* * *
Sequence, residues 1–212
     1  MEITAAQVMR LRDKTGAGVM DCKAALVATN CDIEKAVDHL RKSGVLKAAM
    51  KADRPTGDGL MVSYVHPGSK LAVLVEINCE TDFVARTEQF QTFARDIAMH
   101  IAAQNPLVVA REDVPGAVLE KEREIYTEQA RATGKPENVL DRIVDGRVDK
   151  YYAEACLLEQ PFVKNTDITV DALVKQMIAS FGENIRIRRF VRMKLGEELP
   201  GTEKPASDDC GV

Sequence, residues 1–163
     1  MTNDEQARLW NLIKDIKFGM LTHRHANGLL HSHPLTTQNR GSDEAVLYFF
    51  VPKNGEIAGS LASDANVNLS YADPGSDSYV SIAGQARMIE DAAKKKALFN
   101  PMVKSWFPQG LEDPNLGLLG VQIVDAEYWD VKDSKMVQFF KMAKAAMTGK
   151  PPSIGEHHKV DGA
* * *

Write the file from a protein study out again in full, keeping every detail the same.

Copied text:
Sequence, residues 1–212
     1  MEITAAQVMR LRDKTGAGVM DCKAALVATN CDIEKAVDHL RKSGVLKAAM
    51  KADRPTGDGL MVSYVHPGSK LAVLVEINCE TDFVARTEQF QTFARDIAMH
   101  IAAQNPLVVA REDVPGAVLE KEREIYTEQA RATGKPENVL DRIVDGRVDK
   151  YYAEACLLEQ PFVKNTDITV DALVKQMIAS FGENIRIRRF VRMKLGEELP
   201  GTEKPASDDC GV

Sequence, residues 1–163
     1  MTNDEQARLW NLIKDIKFGM LTHRHANGLL HSHPLTTQNR GSDEAVLYFF
    51  VPKNGEIAGS LASDANVNLS YADPGSDSYV SIAGQARMIE DAAKKKALFN
   101  PMVKSWFPQG LEDPNLGLLG VQIVDAEYWD VKDSKMVQFF KMAKAAMTGK
   151  PPSIGEHHKV DGA